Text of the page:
The scene the next morning was appalling: The broken stump of the great pine, the crushed cabin it fell through, its end walls sagging inward over the havoc, and the massive trunk lying from the ruins beeline to and across the front of our cabin, its heavy branches ramming into the underbrush a short way beyond. I shudder to think what would have happened to our cabin if the trunk hadn’t been bare of branches for the first 50 or so feet.

I’m 66 years old now, and must have been about five or six when it happened. I still get that “Holy cow!” feeling whenever I’m reminded of this – reminded, say, by an old photo of happy people sitting with their feet in the path of future near-doom.


Sent a somewhat shorter version of the story off to my siblings and got this response from my older brother, whose memory is probably better than mine where the stories conflict:

Great story and told much better than this but here is how I recall those events. I am adding the Penny’s back into this string as I will add some “history” as I recall that goes to their story and questions.

First the pic shows the camp basically unpainted, the many years later when we started, as kids, going it was painted and there was a bit of a wood deck on front where the folks were sitting. As I recall the story Laura told it was during the week as no Dads were there, many left for work during the week to return on weekends. I think it was Grandma, Mom and the 4 of us. No one could have slept through that storm, perhaps the most impressive T storm of my life. We ran about the cabin looking out the windows. A lightning bolt hit a very large tall tree that was just to the far side of the camp directly across from the Graf camp. Then great commotion as many adults ran about yelling, it was decided that that camp had to be abandoned as the tree would surely fall damaging the camp. But there were many that thought it would fall in another direction towards the parking area so all cars had to be moved. Keep in mind time is passing rapidly but the tree was still standing. Someone came to get Mom to come move her car and she ran out with the keys leaving us with Grandma.

Here comes a side note of history related to the Penny’s note. At that time there was no parking between Graf camp and this other camp (can’t remember their name) it was a badminton court with rows of raspberry bush’s down both sides. No one could park there because under the sandy court was actually the septic field for the old outhouse up behind the camps. It was surrounded by several well carved and painted totem poles. These were all made by our uncle Harris (the dentist) and grandpas Chris Craft boat was also called the totem and had a miniature totem pole carved by Harris that would be displayed in the boats rear flag holder when out for a ride. I don’t know which came first the totem poles or the boat name.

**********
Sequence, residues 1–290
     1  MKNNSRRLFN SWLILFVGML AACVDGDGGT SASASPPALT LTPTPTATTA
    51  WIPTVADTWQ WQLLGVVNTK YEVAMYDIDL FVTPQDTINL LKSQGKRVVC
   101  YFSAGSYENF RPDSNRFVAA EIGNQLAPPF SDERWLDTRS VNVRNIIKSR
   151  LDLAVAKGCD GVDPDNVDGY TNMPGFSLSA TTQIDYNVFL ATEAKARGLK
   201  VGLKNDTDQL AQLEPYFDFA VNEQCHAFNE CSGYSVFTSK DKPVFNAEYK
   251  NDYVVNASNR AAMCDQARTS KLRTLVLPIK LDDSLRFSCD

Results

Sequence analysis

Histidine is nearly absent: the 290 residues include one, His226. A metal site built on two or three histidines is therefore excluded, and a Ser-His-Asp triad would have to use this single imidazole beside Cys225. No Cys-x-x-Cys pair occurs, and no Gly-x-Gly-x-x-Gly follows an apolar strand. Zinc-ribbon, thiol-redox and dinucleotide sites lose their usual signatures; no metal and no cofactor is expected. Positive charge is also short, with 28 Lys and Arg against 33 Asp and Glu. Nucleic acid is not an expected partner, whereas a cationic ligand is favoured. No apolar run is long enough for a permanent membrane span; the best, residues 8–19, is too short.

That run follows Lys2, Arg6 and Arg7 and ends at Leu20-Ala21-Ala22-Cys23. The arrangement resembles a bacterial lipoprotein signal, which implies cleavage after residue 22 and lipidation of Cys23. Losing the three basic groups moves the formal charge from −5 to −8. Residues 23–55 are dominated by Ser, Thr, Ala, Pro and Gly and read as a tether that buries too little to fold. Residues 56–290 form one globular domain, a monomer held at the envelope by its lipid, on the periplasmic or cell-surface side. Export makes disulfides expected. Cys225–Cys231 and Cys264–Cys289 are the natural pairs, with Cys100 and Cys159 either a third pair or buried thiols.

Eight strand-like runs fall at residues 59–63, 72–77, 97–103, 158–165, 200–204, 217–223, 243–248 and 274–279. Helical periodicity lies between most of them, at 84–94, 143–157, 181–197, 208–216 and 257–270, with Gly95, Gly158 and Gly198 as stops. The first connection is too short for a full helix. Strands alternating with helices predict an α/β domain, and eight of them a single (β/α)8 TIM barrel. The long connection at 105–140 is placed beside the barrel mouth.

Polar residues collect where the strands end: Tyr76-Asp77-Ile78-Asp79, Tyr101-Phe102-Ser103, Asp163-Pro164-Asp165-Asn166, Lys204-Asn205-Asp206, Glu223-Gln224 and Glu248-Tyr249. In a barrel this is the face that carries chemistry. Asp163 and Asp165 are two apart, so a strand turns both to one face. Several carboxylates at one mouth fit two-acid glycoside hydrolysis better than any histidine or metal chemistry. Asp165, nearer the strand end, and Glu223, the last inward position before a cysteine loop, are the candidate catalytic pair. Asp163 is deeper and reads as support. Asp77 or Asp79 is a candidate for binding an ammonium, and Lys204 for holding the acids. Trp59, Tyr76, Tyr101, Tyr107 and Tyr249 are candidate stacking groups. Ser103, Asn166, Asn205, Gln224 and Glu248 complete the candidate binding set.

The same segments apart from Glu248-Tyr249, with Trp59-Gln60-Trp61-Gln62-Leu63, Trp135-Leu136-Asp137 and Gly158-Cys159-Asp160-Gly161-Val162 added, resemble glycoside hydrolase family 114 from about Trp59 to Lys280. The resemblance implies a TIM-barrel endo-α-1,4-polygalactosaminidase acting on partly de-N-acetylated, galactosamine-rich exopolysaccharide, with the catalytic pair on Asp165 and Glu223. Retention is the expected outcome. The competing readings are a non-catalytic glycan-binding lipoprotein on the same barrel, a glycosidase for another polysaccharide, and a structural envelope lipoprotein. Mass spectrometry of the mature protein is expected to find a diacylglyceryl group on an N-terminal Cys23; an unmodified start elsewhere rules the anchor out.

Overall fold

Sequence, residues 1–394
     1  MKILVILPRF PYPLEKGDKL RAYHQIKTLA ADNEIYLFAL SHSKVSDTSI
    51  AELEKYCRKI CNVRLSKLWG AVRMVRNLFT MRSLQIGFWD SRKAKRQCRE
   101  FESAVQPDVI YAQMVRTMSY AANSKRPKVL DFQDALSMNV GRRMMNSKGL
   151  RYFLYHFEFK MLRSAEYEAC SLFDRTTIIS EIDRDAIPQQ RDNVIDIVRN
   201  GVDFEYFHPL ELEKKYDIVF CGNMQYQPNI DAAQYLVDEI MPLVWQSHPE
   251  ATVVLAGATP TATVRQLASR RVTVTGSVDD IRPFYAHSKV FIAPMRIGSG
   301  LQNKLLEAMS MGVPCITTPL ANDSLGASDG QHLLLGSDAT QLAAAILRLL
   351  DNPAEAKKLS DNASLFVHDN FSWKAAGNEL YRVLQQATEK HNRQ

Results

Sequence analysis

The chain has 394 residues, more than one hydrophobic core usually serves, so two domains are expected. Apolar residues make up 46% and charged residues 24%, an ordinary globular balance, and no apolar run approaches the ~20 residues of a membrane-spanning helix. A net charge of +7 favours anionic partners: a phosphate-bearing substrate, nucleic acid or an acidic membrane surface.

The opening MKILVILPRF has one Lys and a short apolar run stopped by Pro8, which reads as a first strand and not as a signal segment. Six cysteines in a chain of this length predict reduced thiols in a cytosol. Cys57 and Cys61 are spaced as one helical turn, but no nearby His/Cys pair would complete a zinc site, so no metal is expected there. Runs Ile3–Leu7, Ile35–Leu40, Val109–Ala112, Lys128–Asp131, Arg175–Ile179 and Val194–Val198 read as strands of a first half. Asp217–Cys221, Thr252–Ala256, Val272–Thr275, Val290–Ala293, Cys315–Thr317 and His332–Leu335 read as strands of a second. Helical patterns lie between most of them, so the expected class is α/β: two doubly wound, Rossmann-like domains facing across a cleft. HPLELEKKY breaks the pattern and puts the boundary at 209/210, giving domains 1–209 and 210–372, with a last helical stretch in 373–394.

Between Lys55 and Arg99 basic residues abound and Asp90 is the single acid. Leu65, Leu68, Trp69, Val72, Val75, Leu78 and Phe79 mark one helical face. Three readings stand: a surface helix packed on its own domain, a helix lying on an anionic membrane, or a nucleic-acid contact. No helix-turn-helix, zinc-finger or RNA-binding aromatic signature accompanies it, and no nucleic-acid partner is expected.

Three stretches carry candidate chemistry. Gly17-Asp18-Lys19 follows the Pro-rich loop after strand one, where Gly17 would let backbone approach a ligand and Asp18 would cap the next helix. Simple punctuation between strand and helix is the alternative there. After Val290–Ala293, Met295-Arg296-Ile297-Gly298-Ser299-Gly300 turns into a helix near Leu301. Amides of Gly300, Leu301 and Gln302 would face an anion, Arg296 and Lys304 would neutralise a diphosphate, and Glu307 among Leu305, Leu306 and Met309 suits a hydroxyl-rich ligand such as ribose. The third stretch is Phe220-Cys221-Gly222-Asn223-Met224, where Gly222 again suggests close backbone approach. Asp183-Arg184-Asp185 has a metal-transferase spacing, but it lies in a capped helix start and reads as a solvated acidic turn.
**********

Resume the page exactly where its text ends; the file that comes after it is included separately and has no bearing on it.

So the cars were parked much further away than now, about the area of the road going up to Railroad.

Mom left and shortly after much yelling and screaming as we were looking out the windows, the tree was coming down right for us! Grandma yelled and pushed, I mean pushed all of us into the back of camp bed room. Much crash and bag sounds and yes the camp did jump. We came from the back to get out with folks rushing towards the camp we meet as we came out the door including a Mom that was a bit upset. No injuries to anyone.

My picture of what happened - the tree more like three feet in dia. and perhaps 600 feet tall fell through the camp next door, in the first ten feet of the cabin and all commented on right through the door almost as it had planned to open the door, across the space between the camps and brushed down the front of the Graf camp. I recall branches all over the front to the point you almost could not see out the windows and it broke the eves off the front but no other damage. A great story either way.

Friday, July 3, 2015

The perversity of cats, part 2,644.782.37

Right after breakfast, Peanut wants, nay, demands fresh water in a clean bowl. Lately Pumpkin has also developed a desire for same. Since I'm maintaining water for six felines loose in the house (plus Teddy's little bowl in his cage kingdom) I keep two big dog-size bowls in the kitchen and tend to them right after I clean the breakfast food bowls. Peanut waits impatiently a yard or two away; Pumpkin lurks just beyond him.

Finally! I put the bowls down -- both at once rather than one then the other, since there are two thirsty little souls to satisfy. They pad to the bowls, sniff to be sure it's to their liking, then....

Two bowls, boys! TWO! What are you...?

Thursday, July 2, 2015

Just a few more pages....

So yesterday was busy, workwise. Bookwork and billing consumed the morning. The afternoon and evening I spent proofreading the usual more or less dreary sludge of deposition transcripts. They were all short-deadline stuff and I completed the last one around 1:30 a.m. -- a bit of a late night even for this night owl.

Then thought: But before I go to bed, let me just read for half an hour just for pleasure. I'm well into Lois McMaster Bujold's "Memory"; let's do it.

...and I finished the book at quarter of 5:00.

Now I have one 160-pager I need to get out by early/midafternoon. Then I should take a nap.

Or start the next book in the series.